With the advent of 3D printing technology, tech enthusiasts have created everything from a DIY violin to a bust of King Richard III. This technology has even been used to build a biocompatible implant to replace most of a man’s damaged skull, and printable organs aren’t too far off, either. So it isn’t much of a stretch to envision dentists using 3D printers to create dental implants, veneers, and crowns someday—especially since some dentists have already invested in CEREC technology .
A Closer Look at CEREC
CEREC is advanced technology that isn’t yet widely available. If your dentist has invested in it, he or she can fabricate your new, custom-made crown, onlay, or veneer, all right in the office. This means you won’t have to wait for impressions to be sent to a lab so that you can receive custom restorations. CEREC is similar to 3D printing, but it’s only used for ceramic restorations. A scan of your mouth is uploaded to the computer. The dentist customizes your treatment digitally, and then sends the final design to the CEREC milling machine for fabrication. The milling machine carves the restoration out of a block of ceramic.
3D Printing in the Dentist’s Office
If 3D printing does find a home in dental offices, it will enable dentists to print new teeth in fewer than 10 minutes. Unlike CEREC, which mills restorations, 3D printers would build them one tiny layer at a time. It’s thought that this would offer advantages over CEREC, as 3D printers could recreate all of the intricate little details of a real tooth. One major obstacle is that, currently, 3D printers can generally only print in one material—plastic. (Highly specialized 3D printers have “printed” human stem cells.) Experts envision a time in the not-too-distant future, in which 3D printers are capable of shaping zirconia into teeth.
Here at University Associates in Dentistry , we understand that your time is valuable, and we want to send you on your way with a healthy, beautiful smile as quickly as possible. That’s why our dentists in Chicago are proud to offer one-visit crowns with CEREC technology. Call (312) 704-5511 to request your dental consultation.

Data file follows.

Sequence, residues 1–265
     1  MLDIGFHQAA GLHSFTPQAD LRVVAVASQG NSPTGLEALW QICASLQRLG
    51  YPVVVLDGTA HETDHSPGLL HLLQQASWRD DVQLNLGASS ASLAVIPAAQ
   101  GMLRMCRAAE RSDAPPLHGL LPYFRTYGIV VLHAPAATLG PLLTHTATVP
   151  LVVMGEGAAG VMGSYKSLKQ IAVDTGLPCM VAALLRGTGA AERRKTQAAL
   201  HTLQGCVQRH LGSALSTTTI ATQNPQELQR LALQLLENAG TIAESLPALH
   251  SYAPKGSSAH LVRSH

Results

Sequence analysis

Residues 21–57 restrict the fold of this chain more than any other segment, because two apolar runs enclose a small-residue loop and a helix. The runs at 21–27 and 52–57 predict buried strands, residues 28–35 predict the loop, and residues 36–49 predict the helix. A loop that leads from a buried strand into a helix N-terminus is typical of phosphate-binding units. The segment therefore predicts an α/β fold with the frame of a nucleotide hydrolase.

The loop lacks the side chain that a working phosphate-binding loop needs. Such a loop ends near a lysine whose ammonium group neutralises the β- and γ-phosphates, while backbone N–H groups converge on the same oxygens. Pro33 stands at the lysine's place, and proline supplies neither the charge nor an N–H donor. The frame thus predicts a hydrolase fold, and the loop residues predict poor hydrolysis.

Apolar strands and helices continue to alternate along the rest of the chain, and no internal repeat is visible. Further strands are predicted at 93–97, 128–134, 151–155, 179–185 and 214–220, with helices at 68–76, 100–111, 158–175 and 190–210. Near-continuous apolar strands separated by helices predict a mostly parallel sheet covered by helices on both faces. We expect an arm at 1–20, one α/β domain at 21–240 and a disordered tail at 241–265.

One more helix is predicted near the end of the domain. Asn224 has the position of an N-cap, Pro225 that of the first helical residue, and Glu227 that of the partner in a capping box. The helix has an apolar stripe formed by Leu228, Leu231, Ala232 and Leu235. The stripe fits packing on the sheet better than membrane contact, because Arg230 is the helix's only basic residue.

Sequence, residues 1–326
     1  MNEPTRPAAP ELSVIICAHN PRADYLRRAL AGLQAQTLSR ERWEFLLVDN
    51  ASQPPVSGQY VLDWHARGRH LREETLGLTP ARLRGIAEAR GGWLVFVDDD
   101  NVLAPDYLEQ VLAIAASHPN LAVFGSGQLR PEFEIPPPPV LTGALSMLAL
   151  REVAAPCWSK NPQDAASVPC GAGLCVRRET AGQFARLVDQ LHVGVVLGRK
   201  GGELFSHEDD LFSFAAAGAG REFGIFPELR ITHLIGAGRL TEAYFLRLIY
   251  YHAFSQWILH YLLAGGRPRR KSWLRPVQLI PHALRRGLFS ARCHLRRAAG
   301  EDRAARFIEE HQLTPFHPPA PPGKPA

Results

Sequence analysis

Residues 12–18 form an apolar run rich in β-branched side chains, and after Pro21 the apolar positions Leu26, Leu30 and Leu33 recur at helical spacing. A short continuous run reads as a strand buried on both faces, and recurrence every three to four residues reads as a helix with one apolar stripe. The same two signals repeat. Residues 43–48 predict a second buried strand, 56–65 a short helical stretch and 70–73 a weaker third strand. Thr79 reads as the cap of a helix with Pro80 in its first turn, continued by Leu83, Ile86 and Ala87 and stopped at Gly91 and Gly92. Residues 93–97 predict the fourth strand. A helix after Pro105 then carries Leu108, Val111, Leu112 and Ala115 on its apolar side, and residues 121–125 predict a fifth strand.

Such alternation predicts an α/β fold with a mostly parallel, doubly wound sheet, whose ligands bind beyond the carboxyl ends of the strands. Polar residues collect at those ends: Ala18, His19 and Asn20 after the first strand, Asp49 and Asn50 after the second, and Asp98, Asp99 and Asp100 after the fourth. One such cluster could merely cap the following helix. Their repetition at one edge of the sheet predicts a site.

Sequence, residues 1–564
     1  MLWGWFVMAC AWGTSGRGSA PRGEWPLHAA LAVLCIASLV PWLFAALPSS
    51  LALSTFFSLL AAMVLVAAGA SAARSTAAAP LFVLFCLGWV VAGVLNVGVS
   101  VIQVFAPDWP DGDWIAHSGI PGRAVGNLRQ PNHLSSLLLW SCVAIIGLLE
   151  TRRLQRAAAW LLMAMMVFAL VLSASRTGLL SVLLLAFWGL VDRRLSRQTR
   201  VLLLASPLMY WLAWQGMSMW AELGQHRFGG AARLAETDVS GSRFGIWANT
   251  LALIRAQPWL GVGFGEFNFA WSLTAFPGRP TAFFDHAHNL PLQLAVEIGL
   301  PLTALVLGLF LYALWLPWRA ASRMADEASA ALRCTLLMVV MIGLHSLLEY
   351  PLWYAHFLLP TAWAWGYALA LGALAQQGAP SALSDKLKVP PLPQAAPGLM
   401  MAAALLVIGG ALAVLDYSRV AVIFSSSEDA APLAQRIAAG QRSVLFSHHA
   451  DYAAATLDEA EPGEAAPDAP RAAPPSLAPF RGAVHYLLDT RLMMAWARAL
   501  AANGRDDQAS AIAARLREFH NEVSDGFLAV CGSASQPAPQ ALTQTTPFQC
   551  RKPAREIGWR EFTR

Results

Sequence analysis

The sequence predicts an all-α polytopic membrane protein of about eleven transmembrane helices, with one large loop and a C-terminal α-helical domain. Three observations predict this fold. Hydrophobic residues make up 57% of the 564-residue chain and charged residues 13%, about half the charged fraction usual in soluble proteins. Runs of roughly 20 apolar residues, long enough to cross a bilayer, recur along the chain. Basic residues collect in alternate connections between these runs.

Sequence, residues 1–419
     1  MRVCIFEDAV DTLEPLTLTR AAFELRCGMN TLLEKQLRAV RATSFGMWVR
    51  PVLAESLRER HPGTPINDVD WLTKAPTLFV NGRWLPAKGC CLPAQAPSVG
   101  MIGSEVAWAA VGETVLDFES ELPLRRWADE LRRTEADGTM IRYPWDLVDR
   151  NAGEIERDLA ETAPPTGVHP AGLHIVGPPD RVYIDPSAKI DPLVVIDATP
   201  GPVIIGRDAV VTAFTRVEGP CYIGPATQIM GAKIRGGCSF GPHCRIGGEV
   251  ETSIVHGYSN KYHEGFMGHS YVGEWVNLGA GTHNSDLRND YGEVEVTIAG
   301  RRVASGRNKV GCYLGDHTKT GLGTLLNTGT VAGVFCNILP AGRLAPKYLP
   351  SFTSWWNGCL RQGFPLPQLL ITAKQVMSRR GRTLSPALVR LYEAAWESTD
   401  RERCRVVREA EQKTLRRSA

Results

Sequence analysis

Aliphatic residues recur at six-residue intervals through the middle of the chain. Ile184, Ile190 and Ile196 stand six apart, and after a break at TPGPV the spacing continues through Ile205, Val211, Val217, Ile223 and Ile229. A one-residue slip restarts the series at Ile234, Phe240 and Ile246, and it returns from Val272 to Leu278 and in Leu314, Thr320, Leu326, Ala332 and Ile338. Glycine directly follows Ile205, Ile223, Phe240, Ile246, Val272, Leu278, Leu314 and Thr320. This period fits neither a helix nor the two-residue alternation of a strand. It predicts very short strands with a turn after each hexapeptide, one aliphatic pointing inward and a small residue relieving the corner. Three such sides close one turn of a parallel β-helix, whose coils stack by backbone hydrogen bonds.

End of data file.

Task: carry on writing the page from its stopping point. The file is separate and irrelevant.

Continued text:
In 1494, more than 1,000 of Christopher Columbus’ crew members established a settlement on the coast of the present-day Dominican Republic. La Isabela was abandoned after just a few years, and much of the ruins were mistakenly bulldozed into the sea. However, skeletons of the crew members remained, and thanks to new technology, their teeth have been carefully analyzed. They’ve revealed some surprising information about the crew members’ lives.
Teeth are chemically examined by analyzing their isotopes. Carbon isotope ratios can indicate a person’s typical diet. European skeletons would have greater concentrations of carbon 12, because they ate grains like barley and wheat. Oxygen isotopes can be used to determine the climate of where the person lived. And strontium isotopes indicate whether the person lived in an area with very old bedrock, like West Africa. Based on their isotope analysis, researchers have concluded that some of Columbus’ crew members were likely free black Africans. They would have arrived in La Isabela well before the slave trade was established. Less surprising findings include that the crew members suffered from scurvy, malnutrition, and physical stress.
Dental technology is constantly improving, and here at University Associates in Dentistry, we embrace new innovations that help our patients have a healthier smile. Call (312) 704-5511 for an appointment with a dentist in Chicago .
Chemotherapy can be a lifesaver. It can also cause serious, unintended consequences, like a suppressed immune system, severe nausea, and weight loss. These effects are well-known, but what many cancer patients don’t realize is that chemo can also adversely affect oral health. If you’re expecting to undergo chemo, you’ve already receiving it, or you’re anticipating radiation therapy to the head region, talk to a dentist as soon as possible.